That’s the challenge for everybody associated with data in the modern workplace—clearly communicating the purpose for collection and the benefit to the end user, while ensuring employee information is protected. And how data teams overcome this will make or break the confidence and trust between the service provider, the organization and its workforce.

The FM Dilemma

Facilities Managers have found themselves on the front line of this digital transformation in the workplace. Technology has presented a real opportunity to increase efficiency and deliver predictive solutions that integrate with existing operations. However, it’s also rapidly changing what it means to be a Facilities Manager, and that learning curve still exists.

IoT enables organizations to bring everything—management systems, communications, data analytics and maintenance—under one roof. By using an integrated platform, Facilities Managers can understand where operational improvements can be made without having to ask the question. The information gathered from people’s actions can help to flag an issue or an opportunity that was always there, but had never been noticed or reported.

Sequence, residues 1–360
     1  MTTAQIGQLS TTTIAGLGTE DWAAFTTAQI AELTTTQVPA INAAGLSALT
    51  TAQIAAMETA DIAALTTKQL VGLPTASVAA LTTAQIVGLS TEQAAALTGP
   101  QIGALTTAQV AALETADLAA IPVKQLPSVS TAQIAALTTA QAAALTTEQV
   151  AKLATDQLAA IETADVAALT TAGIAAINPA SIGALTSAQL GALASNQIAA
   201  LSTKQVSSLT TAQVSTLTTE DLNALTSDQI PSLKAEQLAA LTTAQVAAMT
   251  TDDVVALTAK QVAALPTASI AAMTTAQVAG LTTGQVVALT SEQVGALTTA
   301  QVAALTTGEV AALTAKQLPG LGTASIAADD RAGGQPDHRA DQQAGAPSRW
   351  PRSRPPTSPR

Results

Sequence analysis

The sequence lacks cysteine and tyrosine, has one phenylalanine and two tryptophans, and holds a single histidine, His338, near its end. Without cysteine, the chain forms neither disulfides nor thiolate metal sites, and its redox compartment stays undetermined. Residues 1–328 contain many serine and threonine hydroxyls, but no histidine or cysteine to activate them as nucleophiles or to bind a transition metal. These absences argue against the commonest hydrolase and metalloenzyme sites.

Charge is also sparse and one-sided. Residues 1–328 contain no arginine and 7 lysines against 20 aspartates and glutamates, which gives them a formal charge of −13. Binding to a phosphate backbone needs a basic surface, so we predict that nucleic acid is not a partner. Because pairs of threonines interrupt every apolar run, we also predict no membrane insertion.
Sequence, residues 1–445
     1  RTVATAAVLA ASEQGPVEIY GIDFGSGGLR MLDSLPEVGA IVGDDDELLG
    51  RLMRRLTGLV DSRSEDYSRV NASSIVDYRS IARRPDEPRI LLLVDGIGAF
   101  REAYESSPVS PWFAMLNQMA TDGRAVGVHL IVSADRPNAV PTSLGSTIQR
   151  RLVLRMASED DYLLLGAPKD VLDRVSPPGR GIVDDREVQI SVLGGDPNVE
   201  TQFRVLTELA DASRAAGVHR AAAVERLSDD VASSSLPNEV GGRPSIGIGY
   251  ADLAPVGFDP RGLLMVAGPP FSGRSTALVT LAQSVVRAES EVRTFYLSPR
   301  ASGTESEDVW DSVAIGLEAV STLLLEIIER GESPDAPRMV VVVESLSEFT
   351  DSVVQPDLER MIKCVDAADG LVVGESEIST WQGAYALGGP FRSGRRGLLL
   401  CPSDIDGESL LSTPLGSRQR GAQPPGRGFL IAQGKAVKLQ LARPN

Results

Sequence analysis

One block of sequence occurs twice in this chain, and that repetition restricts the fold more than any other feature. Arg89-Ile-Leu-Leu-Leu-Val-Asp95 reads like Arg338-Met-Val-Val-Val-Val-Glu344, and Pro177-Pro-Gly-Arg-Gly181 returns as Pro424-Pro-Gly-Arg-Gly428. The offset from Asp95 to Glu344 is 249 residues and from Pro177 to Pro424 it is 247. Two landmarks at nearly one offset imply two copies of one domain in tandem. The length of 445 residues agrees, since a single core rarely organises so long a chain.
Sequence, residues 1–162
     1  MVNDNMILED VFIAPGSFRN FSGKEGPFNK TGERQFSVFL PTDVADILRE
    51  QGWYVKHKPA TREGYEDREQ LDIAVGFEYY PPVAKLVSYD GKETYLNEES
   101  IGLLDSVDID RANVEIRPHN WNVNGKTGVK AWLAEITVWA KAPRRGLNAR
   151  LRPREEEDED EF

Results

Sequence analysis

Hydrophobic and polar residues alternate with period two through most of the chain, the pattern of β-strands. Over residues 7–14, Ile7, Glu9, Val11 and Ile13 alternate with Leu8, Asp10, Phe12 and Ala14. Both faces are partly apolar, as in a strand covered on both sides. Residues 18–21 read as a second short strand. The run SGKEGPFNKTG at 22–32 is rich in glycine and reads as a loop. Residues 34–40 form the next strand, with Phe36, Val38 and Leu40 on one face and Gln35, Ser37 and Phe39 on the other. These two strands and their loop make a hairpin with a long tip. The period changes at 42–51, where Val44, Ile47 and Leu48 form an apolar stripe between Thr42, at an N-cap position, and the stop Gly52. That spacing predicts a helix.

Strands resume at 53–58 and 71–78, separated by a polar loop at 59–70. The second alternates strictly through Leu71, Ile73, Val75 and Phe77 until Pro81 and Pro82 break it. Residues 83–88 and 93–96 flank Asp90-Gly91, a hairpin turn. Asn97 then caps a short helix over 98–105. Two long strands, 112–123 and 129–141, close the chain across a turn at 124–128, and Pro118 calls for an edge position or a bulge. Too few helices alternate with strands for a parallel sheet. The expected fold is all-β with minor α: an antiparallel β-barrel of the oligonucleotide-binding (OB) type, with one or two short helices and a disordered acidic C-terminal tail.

“Facilities Managers need to be able to access data and reporting in a single dashboard, otherwise they’re wrestling with five, ten, twenty, thirty different apps or websites to pull all the necessary information,” Belen explains. “We know they have a very, very busy schedule. It’s not fair to expect them to take on the role of data scientist. IoT connects these sources and presents the necessary information in an accessible way.”